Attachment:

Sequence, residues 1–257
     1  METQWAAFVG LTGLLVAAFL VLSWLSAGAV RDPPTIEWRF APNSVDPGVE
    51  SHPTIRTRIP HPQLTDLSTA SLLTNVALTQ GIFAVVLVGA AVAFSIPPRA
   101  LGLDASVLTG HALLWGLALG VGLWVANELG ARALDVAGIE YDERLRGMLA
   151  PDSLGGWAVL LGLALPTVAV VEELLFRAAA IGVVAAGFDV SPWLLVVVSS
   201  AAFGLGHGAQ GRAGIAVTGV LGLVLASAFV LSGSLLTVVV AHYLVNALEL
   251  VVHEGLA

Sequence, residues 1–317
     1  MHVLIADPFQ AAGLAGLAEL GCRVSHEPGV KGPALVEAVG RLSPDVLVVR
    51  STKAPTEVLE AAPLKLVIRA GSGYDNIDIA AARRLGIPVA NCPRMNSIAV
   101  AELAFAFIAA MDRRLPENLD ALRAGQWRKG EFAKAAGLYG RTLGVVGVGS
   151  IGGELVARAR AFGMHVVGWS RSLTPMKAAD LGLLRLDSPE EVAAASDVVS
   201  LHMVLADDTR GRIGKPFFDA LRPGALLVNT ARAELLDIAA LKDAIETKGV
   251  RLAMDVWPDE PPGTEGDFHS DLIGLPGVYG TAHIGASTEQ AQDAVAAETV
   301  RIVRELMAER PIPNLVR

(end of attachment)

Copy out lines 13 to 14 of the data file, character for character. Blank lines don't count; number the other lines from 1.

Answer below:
   201  LHMVLADDTR GRIGKPFFDA LRPGALLVNT ARAELLDIAA LKDAIETKGV
   251  RLAMDVWPDE PPGTEGDFHS DLIGLPGVYG TAHIGASTEQ AQDAVAAETV